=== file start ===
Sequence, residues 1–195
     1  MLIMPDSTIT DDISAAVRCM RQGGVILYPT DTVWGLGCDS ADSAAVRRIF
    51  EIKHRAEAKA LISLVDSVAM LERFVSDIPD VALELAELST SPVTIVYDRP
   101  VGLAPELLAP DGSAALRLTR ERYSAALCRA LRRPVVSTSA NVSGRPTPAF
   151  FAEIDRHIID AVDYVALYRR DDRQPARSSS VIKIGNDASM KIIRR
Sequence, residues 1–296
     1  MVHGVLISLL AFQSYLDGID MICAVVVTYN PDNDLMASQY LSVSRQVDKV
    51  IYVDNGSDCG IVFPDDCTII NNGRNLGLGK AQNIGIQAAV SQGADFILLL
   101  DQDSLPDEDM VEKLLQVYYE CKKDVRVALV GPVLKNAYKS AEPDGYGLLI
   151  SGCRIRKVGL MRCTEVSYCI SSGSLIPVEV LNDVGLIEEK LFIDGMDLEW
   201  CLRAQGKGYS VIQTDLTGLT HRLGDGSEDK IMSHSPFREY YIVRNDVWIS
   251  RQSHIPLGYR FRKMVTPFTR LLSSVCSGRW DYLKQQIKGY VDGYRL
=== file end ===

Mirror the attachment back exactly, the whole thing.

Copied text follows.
Sequence, residues 1–195
     1  MLIMPDSTIT DDISAAVRCM RQGGVILYPT DTVWGLGCDS ADSAAVRRIF
    51  EIKHRAEAKA LISLVDSVAM LERFVSDIPD VALELAELST SPVTIVYDRP
   101  VGLAPELLAP DGSAALRLTR ERYSAALCRA LRRPVVSTSA NVSGRPTPAF
   151  FAEIDRHIID AVDYVALYRR DDRQPARSSS VIKIGNDASM KIIRR
Sequence, residues 1–296
     1  MVHGVLISLL AFQSYLDGID MICAVVVTYN PDNDLMASQY LSVSRQVDKV
    51  IYVDNGSDCG IVFPDDCTII NNGRNLGLGK AQNIGIQAAV SQGADFILLL
   101  DQDSLPDEDM VEKLLQVYYE CKKDVRVALV GPVLKNAYKS AEPDGYGLLI
   151  SGCRIRKVGL MRCTEVSYCI SSGSLIPVEV LNDVGLIEEK LFIDGMDLEW
   201  CLRAQGKGYS VIQTDLTGLT HRLGDGSEDK IMSHSPFREY YIVRNDVWIS
   251  RQSHIPLGYR FRKMVTPFTR LLSSVCSGRW DYLKQQIKGY VDGYRL